Where to start? Where to start?
I’ve said it before and I’ll say it again. There’s nothing less inspiring than a blank computer screen.
I’m inclined to believe that an irregular writing practice is at the bottom of the problem around being stuck getting started. Like anything, writing becomes increasingly easy with small repeated habits. Daily ones, in an ideal world.
Over time, a regular writing practice will help you to stop procrastinating when it comes to sitting down to write in the first place. It will encourage ideas to float to the surface, rather than stagnating and settling at the bottom of a muddy mind.
The more I write, the more I write
When I write every day without fail, I feel more inclined to put my thoughts on paper, create, and turn them into something.
When I write sporadically, in spurts, or leave it a week or two, I feel like I’m reaching and reaching, but what I want to say, those terrific, articulate, exciting, intelligent ideas are just beyond my fingertips and out of grasp. And anything I manage to collate is expressed, well, kinda averagely.
But patience, patience. It has taken a while to get into a daily writing habit. I’m not going to say it was an overnight achievement or that I do it ‘perfectly’ even now. Yet, it’s certainly heading in the right direction.
I often say that I write thousands of words for other people every day but, when I sit down to write for myself, nothing comes. Writing to brief on client projects hasn’t made the daily practice thing happen. You’d think it would, but it isn’t the same.
The kind of writing you do for other people doesn’t use the same bit of your brain, evoke the same emotions, or stir creative juices. Writing to spec is more logical. There’s process involved.
Writing for yourself, be it journaling, blogging, creative writing or something else, is a great deal more free-flowing and comes from the heart, not the head.
What does it take, though, to develop a daily practice? Dedication, yes. Ideas, yes. Routine even. Here, I share my own daily writing practice in all its imperfect glory.
The moment I wake up
I’ve tried and tried to do morning pages, but it just doesn’t feel good to me. The first time my pen hits paper of a morning, it’s to write some affirmations, beautiful phrases of encouragement that I want to take into the day. I might meditate on a morning mantra. Or… I might not.
Before starting work
The practice of rewriting my goals has been life-changing for me. I write them on each page of my weekly calendar, which is open on my desk every day. I rewrite my goals once more, then look at my day. I select my top three tasks to get done and write those.
Underneath, I’ll write my somewhat more flexible to do list. As long as I knock off those most important three, I’m satisfied. Any more of my to-do list and you have one heck of a cheery lady right there.
Middle of the day
I like to make sure I connect with someone special every day. In the middle of the day, I’ll email someone in my family or a friend back home and say hey.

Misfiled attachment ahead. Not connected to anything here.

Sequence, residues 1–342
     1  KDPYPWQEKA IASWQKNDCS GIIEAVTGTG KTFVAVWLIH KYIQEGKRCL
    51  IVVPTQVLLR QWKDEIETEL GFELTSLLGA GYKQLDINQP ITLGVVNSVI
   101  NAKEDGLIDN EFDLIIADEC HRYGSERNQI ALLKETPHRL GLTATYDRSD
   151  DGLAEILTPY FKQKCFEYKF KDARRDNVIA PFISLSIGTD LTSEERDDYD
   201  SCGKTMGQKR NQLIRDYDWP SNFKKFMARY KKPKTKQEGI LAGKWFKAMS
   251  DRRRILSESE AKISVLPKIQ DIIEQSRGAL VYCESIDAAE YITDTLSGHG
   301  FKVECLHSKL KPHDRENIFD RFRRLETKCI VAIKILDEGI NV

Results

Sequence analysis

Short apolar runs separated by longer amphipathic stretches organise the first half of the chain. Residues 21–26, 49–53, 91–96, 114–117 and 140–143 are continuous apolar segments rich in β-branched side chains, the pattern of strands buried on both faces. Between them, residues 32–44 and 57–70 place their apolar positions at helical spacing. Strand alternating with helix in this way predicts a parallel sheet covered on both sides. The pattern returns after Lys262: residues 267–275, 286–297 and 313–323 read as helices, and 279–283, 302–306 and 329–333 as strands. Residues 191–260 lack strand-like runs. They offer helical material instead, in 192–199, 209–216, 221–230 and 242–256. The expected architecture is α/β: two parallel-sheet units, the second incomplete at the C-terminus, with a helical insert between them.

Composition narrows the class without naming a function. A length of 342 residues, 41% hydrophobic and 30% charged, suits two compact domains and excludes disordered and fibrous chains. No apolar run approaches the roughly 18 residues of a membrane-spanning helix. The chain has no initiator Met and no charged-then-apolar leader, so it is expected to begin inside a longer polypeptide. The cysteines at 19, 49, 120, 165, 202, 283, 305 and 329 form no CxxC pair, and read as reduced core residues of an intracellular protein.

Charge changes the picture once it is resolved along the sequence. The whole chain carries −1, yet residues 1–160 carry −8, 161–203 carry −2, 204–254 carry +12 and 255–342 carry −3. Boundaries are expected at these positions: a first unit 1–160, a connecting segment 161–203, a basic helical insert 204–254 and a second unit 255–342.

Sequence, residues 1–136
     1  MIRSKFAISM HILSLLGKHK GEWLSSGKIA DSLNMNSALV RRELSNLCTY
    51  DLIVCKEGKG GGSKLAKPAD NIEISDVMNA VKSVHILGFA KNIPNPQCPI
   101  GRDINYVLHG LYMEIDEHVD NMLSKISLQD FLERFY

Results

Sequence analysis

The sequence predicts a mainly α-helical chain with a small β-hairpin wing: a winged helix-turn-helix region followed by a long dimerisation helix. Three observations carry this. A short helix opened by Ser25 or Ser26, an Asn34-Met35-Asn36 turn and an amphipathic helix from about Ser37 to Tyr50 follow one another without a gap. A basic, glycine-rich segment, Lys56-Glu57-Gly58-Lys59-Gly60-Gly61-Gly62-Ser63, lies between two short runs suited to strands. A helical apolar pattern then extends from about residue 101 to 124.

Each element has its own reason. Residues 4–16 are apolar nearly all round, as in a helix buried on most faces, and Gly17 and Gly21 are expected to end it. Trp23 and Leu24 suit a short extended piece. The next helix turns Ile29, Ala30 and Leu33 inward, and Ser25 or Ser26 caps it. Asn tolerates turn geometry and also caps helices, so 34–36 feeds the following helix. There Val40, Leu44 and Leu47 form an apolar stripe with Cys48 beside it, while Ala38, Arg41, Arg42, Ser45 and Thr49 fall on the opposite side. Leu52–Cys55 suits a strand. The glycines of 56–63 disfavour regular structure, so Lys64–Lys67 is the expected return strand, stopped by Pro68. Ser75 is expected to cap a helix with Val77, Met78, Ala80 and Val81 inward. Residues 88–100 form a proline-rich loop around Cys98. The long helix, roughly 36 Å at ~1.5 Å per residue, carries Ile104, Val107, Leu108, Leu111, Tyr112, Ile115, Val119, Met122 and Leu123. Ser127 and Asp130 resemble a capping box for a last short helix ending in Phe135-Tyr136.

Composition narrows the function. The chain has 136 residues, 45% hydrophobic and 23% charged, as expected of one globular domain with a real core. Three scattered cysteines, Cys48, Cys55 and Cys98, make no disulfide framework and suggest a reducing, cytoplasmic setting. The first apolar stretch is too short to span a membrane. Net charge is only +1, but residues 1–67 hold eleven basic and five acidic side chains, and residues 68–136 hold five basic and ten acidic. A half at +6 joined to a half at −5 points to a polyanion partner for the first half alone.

Another idea is to use your words to make someone’s day. Send a thank you card, compliment, or letter of praise for good customer service. Comment supportively on a little-known blog or your favourite networking forum. If I’m going to journal, it’ll more than likely be this sort of time too. A fantastic afternoon pick-me-up!
After finishing work
I like to get ideas out of my brain and onto a piece of paper so I don’t take all the crazy goings on of work into my evening. My creative mind kicks in better in the afternoon, so I brainstorm any projects I’ve got going on, list things out to get organised, or write down must-do tasks for the following day.
I’ll occasionally (and not as much as I wish) manage one more writing moment in my day and that’s my gratitude list. Sometimes I’m quite general, listing things I’m grateful for in my life. Other times, I’m more specific.
What am I grateful for that I created? What happened today that deserves gratitude? What can I be grateful about a situation that’s not my ideal?
It’s a serious mood-enhancer, more powerful than any pill or potion I have come across before. If you try any of these ideas, I recommend this one most highly!
Introducing more writing moments into your life
If you’re trying to introduce more writing into your life, these are a great place to start. They’re the ones that fit my life and schedule. Others, I’ve given a go and just don’t suit me. No biggie. If journaling isn’t your thing, don’t force it. The idea is to make writing enjoyable, not put you off.
And whatever you do, do something.
You’ll see many sites on writing recommending that you put aside such-and-such amount of time every day, or making sure you find some peace and quiet in your day. Realistically though…!
The best way to becoming a regular writer is simply to enjoy and appreciate every moment you have a pen in your hand.
What are your favourite writing practices? Share them with me in the comments.
Tara - Such Different Skies says
Gorgeous article Kris. I always love having a sneak peek into the routines of others x
Nothing like a healthy dose of vicariousness! Your crystal and card rituals have given me a heap more confidence to try stuff at home. So great to share these things so we feel less self-conscious exploring new ways of understanding ourselves.
Cheryl Bigus says